Secondary Science Program Overview
The science program is designed for those desiring to become competent secondary school science teachers. The general goal of this program is to enable prospective science teachers to understand theories and best science practices for successful instruction and assessment of secondary school students. Certification for the State of Connecticut to teach secondary grades 7-12 in Science.
Essentially, the Secondary Science will enable students to review their science content knowledge as well as “This Thing Called Science” (The Nature of Science) and to enable them to obtain the knowledge, skills, and methods for teaching science. That is, the program will focus on the type of instructional strategies and mastering of process skills (pedagogy), that foster the development of science concepts (content), and the growth of positive attitudes (dispositions) in the science domain.
The program will also explore the purposes, organization, and guidance of science experiences that will enable students to see excitement in scientific inquiry as well as intellectual, social, and even philosophical values of science. Furthermore, the program will emphasize knowledge of growth and development, diversity of cultures, safety in the science teaching/learning milieu, and use of science to foster citizenship skills and healthy relationships in the communities. Finally, the methods of evaluating progress in science learning and science programs will also be closely examined.
Science Certification Prerequisites
For Secondary Biology, Chemistry, Earth Science, or Physics Certification:
- Science subject area major awarded in Biology, Chemistry, Earth Science, or Physics by regionally accredited undergraduate institution, OR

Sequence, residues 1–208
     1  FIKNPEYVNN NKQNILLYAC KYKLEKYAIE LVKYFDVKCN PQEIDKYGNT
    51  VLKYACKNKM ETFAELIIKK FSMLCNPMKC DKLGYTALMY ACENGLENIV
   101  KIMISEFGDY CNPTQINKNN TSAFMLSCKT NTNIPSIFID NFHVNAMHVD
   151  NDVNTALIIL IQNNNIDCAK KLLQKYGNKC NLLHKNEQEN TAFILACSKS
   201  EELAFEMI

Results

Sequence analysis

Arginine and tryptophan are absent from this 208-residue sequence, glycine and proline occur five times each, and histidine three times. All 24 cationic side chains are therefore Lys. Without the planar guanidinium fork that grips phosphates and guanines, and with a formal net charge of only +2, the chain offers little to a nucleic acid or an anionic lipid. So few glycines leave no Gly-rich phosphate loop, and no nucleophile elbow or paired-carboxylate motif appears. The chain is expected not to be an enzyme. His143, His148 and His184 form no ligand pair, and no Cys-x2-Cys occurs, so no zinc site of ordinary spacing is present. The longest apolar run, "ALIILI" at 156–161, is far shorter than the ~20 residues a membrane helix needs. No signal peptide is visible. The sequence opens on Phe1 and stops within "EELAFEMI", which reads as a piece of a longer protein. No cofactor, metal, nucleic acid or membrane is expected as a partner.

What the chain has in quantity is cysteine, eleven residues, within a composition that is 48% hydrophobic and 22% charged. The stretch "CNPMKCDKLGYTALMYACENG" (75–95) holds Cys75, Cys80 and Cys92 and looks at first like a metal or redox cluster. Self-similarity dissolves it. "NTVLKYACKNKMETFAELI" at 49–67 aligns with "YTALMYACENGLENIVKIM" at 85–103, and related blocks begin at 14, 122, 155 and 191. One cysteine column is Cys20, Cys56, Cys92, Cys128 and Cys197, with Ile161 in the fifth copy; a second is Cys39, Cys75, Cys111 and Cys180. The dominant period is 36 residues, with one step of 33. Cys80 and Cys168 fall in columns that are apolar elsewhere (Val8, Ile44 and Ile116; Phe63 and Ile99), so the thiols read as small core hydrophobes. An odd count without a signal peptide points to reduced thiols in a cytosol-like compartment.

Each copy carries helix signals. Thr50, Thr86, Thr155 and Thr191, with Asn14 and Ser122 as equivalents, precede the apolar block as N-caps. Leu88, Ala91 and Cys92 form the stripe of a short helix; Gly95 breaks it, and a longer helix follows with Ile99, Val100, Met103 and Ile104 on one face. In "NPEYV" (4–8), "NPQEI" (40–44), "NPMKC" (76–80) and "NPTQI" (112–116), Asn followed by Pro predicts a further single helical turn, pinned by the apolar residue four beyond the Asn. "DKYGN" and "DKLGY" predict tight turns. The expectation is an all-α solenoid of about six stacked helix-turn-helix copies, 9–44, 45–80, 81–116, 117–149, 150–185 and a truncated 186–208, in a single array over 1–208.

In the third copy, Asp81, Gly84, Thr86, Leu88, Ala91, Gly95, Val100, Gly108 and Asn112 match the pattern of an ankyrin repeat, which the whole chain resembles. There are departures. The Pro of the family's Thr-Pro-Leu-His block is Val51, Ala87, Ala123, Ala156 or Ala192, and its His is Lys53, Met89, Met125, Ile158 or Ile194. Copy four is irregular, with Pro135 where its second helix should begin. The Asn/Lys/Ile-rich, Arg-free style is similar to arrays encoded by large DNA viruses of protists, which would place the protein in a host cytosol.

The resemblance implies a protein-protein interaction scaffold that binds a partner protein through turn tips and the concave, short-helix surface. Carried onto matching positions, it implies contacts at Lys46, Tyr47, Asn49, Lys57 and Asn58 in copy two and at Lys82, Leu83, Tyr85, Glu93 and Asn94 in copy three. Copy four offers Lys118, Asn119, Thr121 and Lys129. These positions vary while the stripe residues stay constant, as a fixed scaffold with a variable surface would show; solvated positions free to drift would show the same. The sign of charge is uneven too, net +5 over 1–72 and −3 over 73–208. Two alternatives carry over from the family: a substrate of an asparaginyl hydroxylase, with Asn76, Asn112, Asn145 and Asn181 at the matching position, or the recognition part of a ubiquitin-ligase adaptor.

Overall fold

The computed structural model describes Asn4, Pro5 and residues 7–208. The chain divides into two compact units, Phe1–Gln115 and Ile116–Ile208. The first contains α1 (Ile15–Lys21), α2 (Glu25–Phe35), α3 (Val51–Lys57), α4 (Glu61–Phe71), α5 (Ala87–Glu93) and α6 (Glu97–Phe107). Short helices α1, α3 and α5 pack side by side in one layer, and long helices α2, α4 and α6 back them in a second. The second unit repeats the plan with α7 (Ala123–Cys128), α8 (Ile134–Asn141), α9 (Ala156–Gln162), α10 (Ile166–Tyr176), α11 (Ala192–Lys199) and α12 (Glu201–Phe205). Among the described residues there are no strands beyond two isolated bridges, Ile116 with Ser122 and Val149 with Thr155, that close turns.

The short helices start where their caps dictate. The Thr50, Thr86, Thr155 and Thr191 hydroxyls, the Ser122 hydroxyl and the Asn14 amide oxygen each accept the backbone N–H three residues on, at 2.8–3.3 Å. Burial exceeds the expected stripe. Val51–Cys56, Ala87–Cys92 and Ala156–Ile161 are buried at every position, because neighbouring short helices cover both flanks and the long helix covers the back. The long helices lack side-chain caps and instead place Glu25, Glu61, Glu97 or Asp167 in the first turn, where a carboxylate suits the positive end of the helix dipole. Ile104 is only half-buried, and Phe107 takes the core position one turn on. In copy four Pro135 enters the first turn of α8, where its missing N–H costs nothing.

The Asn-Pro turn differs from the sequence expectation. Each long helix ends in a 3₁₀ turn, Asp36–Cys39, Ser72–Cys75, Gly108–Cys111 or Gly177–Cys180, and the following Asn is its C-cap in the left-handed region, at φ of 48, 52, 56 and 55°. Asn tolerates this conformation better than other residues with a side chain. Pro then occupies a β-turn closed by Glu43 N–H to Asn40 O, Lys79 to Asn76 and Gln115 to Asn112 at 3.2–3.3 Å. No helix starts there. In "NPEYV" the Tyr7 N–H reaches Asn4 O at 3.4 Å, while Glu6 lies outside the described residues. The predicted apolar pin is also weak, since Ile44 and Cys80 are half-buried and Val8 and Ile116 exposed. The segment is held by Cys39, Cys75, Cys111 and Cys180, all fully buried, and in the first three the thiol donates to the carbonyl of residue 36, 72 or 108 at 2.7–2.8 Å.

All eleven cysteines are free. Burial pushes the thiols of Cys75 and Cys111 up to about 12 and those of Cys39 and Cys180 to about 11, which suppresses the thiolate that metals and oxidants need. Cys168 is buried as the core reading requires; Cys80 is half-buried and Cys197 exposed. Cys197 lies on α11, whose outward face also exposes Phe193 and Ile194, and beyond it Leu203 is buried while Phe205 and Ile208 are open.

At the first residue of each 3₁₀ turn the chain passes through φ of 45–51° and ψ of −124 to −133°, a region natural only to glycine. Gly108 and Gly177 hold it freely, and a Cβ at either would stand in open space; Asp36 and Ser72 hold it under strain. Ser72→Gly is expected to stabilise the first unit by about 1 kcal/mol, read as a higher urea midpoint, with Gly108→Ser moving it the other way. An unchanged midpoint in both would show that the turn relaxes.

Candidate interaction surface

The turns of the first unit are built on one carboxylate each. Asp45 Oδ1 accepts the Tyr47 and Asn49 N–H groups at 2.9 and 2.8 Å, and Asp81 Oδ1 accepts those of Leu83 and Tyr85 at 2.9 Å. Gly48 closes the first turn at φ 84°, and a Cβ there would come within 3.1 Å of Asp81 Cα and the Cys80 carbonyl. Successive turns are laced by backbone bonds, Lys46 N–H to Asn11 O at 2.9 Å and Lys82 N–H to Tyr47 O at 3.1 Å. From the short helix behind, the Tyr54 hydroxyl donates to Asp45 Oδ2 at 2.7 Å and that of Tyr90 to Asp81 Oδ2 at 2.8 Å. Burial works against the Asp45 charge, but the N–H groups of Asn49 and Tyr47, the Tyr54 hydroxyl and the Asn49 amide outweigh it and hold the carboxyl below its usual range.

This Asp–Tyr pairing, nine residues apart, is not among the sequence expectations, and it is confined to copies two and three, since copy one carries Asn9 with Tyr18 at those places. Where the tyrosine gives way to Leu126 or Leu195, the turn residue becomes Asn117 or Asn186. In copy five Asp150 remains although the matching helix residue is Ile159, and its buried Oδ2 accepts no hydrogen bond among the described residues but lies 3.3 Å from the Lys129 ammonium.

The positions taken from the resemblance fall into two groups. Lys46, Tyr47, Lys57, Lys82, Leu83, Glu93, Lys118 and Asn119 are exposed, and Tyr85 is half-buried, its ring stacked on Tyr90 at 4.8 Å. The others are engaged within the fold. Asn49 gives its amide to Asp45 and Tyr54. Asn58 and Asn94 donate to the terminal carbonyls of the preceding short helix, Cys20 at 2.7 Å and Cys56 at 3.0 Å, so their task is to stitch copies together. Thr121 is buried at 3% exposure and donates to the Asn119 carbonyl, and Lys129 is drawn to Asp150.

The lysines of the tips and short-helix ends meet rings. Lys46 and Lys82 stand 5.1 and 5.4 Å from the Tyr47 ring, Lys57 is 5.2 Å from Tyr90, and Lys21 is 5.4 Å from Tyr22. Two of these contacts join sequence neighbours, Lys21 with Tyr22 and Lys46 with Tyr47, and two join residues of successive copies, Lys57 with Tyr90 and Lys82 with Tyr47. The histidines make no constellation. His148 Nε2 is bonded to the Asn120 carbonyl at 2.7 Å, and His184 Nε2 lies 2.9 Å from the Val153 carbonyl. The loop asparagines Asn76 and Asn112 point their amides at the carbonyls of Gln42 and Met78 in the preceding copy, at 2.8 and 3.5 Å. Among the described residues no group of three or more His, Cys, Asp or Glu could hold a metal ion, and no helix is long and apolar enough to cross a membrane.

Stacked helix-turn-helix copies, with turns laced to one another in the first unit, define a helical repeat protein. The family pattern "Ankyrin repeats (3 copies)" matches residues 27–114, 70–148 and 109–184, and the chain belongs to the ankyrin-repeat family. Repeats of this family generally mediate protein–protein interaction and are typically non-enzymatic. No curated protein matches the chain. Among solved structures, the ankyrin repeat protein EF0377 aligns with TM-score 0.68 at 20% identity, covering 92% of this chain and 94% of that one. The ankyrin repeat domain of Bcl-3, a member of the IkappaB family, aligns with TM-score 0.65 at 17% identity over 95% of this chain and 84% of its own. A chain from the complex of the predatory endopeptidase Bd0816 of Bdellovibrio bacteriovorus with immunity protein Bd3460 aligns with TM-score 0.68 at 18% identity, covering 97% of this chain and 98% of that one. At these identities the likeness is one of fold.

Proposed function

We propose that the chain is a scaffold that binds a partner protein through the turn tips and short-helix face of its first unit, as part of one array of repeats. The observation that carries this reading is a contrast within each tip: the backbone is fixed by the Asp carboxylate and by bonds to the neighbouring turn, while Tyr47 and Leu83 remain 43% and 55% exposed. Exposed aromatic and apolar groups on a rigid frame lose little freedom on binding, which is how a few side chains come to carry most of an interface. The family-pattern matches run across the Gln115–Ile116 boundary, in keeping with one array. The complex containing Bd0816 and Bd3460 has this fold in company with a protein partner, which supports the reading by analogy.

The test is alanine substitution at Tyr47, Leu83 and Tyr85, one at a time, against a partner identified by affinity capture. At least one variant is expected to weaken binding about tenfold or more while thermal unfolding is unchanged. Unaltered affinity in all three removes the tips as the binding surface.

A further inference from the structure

- 30 undergraduate credits in the desired subject plus 9 in a related field
For Secondary General Science Certification:
- 39 undergraduate credits in science including Biology, Chemistry, Earth Science, and Physics
Fieldwork and Resident Teaching
Each student must complete fieldwork and Resident Teaching experiences. Fieldwork occurs concurrent with enrollment in coursework and may take one of two forms: either a district-paid internship or a self-paid field experience in local schools. Both experiences award six semester hours of credit. Interns work at a school in a district selected by the Director of the Intern Program. Interns spend an entire school year following the schedule of the selected school district. Tuition for University of Bridgeport course work is fully paid resulting in a tuition free degree/certification experience in academically related course work. Alternatively, each traditional student may choose to complete fieldwork in a school of the student’s choice as an observer, assistant to a teacher, or assistant in other instructional related activity. As a culminating project, students (both intern and traditional) produce portfolios centering on the program objectives.
The Resident Teaching experience is a full 60 days of teaching in a school under the direction of a trained Cooperating Teacher. The arrangement for the placements are made through the School of Education and are also supervised by University staff.
- Nine credits in foundations: Special Education and Educational Psychology
- Three credits in Science methods
- Three credits in Reading and Writing in the Content areas
- One credit in statutory state requirements
- Six credits in field experience
- Appropriate electives to reach 33 credits for the Master’s Degree
- Final degree option (PRAXIS II or credit-bearing project)
- Resident Teaching (six credits not counting towards the Master’s Degree)
Learn about the curriculum, course descriptions, and more in the UB Catalog.